Very few complete applications are denied (6-7 percent) and, even then, it is generally because the applicant is not eligible based on federal criteria such as income limits.
A third category, application closeouts, is what happens when, despite repeated outreach using multiple forms of communication, the household doesn’t respond, and the agency has to move on to the next family in line. Even then, an additional 14-day grace period is provided where the application can be reopened – and many households do respond within that time frame and have their application approved. Additionally, applicants whose application is closed can (and do) reapply and are approved. We’ve been successful in lowering the number of closeouts and keep refining the program with that goal in mind.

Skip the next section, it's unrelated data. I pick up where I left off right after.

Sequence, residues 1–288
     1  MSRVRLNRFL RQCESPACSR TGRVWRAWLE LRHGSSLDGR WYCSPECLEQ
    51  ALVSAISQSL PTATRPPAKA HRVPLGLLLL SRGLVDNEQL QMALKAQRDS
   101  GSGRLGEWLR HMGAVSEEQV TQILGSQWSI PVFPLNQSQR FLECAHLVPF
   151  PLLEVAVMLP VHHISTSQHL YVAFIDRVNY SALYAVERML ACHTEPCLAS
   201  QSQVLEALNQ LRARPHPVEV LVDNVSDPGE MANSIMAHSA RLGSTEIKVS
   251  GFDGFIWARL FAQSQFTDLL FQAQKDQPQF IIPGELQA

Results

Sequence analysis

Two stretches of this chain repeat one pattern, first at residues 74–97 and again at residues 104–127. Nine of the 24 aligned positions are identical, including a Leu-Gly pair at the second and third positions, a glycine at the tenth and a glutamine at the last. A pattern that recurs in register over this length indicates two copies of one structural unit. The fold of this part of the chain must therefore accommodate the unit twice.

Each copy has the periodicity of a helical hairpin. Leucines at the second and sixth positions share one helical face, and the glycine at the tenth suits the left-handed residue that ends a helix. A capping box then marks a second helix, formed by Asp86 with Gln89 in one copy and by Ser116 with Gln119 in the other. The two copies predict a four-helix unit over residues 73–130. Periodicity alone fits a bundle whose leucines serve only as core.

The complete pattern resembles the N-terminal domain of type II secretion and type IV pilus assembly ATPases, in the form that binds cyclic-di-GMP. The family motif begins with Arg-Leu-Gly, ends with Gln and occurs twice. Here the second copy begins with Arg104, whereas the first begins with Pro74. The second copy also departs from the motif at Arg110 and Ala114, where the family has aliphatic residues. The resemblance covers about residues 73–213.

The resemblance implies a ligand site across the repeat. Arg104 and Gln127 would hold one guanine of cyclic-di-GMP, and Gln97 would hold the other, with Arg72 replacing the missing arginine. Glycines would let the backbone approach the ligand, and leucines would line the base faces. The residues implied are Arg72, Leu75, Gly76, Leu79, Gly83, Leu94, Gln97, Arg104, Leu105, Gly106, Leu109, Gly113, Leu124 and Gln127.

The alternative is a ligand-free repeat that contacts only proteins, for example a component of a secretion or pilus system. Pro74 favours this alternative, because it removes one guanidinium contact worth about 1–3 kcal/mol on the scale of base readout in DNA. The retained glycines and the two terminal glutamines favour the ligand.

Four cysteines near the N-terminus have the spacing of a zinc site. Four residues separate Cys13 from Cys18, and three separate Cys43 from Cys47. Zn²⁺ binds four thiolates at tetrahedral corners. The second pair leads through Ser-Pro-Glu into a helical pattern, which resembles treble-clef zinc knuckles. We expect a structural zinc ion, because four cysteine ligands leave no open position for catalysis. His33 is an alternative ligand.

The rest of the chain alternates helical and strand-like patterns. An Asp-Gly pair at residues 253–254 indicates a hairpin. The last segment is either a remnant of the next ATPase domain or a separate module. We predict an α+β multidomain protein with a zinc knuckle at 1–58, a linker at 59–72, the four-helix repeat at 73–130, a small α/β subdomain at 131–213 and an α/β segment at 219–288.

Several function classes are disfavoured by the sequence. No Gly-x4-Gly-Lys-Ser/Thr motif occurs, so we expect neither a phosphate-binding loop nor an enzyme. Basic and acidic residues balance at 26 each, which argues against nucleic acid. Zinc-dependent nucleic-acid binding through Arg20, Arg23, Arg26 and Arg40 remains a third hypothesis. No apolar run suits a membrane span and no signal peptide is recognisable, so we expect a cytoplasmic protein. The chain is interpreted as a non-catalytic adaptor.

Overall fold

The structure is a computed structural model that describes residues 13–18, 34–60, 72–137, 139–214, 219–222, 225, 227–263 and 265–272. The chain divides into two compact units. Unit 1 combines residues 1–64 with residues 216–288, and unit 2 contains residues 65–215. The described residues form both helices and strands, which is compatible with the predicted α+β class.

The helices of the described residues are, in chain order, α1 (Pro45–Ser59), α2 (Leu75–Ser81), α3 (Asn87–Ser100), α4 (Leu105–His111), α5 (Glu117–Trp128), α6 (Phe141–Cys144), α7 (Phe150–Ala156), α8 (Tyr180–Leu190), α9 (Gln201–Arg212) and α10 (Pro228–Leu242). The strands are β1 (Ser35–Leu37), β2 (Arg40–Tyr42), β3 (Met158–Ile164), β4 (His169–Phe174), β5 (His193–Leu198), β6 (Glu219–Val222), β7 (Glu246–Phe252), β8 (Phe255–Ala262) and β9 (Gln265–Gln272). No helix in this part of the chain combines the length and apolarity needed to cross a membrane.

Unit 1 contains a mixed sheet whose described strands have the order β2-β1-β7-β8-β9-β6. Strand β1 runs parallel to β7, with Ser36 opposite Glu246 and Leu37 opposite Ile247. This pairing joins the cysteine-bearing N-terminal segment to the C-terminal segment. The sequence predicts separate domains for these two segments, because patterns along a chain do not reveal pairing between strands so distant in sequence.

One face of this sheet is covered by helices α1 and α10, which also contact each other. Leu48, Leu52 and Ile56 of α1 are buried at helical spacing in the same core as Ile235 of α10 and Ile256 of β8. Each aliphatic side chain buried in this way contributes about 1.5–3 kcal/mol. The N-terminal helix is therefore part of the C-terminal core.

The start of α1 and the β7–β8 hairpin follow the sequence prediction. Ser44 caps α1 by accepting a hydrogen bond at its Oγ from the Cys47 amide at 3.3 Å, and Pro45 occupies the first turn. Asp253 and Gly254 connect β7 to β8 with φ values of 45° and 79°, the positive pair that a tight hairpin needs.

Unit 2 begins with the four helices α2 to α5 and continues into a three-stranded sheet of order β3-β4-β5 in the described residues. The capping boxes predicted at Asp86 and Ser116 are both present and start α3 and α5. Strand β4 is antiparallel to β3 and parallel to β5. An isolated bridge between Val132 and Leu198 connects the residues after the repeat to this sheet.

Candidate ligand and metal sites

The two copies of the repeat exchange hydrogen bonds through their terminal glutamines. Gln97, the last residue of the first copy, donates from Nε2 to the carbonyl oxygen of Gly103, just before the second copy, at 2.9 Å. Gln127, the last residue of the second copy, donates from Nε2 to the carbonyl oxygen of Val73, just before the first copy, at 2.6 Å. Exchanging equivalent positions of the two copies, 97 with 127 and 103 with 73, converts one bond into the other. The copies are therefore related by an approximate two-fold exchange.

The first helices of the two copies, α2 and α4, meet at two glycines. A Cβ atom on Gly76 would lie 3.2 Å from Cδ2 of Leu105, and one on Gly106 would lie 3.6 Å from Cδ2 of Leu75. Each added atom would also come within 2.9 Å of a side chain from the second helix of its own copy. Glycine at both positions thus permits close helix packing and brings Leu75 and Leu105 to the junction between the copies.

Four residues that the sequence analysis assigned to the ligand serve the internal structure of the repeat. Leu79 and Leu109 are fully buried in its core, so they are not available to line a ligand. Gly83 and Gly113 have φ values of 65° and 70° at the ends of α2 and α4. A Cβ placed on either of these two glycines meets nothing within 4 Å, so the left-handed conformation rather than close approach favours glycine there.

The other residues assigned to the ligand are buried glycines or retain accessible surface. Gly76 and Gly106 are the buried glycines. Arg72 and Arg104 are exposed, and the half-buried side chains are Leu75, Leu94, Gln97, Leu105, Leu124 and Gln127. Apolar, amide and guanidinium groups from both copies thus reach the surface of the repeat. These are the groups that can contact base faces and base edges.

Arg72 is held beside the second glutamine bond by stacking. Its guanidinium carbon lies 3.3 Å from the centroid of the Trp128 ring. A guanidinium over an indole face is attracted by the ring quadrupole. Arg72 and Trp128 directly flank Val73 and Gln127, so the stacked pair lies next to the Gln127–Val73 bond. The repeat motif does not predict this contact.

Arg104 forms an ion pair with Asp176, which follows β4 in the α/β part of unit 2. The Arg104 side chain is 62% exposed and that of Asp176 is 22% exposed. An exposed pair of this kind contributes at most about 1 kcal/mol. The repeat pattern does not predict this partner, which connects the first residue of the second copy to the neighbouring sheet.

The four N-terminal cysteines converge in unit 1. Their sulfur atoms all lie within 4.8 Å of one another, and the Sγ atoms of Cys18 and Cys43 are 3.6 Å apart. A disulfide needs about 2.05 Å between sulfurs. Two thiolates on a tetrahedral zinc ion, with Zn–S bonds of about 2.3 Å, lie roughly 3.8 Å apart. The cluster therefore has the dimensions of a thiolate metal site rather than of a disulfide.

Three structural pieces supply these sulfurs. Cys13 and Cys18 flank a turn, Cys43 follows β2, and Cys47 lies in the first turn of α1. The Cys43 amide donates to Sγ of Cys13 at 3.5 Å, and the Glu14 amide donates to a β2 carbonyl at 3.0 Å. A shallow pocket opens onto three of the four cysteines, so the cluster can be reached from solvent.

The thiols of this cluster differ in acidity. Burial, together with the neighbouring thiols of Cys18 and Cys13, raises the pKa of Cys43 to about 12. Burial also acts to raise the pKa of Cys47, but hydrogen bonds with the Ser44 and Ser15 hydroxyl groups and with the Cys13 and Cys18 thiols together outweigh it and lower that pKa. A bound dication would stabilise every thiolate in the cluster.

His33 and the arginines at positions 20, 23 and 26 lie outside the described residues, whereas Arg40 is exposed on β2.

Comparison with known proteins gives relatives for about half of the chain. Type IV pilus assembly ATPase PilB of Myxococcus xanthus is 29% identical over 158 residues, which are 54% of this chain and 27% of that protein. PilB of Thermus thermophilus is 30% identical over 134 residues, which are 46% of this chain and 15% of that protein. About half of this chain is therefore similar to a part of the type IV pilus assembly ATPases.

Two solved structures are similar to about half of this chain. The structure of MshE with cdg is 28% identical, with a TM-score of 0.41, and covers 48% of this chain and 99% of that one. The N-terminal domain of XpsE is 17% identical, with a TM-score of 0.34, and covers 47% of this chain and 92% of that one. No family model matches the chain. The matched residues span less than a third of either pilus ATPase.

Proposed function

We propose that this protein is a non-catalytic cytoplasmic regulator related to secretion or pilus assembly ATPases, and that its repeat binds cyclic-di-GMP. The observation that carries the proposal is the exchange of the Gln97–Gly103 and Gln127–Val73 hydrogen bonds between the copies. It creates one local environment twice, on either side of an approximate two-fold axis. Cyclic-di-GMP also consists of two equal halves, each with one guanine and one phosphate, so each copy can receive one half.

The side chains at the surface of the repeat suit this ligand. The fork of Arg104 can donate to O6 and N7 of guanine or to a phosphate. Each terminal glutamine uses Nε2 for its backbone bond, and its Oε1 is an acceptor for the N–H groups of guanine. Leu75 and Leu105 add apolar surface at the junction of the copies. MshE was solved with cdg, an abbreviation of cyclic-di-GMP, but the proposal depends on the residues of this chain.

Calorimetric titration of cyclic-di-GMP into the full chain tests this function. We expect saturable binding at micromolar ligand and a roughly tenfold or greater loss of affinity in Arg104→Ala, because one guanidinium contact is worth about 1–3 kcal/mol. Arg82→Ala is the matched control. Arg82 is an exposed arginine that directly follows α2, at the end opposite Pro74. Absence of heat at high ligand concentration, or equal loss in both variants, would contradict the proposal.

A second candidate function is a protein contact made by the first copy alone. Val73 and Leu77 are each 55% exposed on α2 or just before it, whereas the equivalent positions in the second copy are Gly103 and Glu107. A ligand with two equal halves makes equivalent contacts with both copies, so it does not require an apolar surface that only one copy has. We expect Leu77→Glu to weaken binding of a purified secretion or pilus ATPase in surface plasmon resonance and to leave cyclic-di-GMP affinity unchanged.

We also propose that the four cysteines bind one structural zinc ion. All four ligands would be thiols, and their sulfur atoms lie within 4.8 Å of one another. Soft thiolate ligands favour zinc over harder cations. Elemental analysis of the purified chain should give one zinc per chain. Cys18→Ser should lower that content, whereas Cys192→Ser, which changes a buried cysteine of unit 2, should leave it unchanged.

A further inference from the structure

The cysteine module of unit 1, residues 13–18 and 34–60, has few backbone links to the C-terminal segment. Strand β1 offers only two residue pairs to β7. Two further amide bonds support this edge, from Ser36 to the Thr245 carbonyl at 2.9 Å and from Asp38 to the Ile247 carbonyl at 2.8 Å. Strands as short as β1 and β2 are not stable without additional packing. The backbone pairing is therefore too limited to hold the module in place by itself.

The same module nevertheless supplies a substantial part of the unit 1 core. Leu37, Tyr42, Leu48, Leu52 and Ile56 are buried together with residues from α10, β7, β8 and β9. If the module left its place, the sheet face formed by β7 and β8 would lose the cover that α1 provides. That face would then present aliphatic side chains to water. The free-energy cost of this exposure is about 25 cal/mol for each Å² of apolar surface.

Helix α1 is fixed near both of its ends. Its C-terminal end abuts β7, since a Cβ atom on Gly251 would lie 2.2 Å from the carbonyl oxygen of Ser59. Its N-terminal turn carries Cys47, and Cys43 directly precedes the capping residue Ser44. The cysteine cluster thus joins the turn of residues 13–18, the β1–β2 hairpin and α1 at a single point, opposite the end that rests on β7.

Myth: Tenants in Massachusetts are unprotected because there is no federal eviction moratorium.
Truth: Massachusetts has a temporary law in place that says a tenant who cannot pay the rent because of COVID is protected from being evicted if they have an application for assistance that is filed and pending. This law strikes a good balance between both tenant and landlord interests, especially around their shared interest of ensuring that the rent is paid.Not all courts are following the intent of the statute, and that needs to be addressed; however, tenants in Massachusetts have more protections than tenants in most parts of the country.
Myth: Evictions have gone through the roof.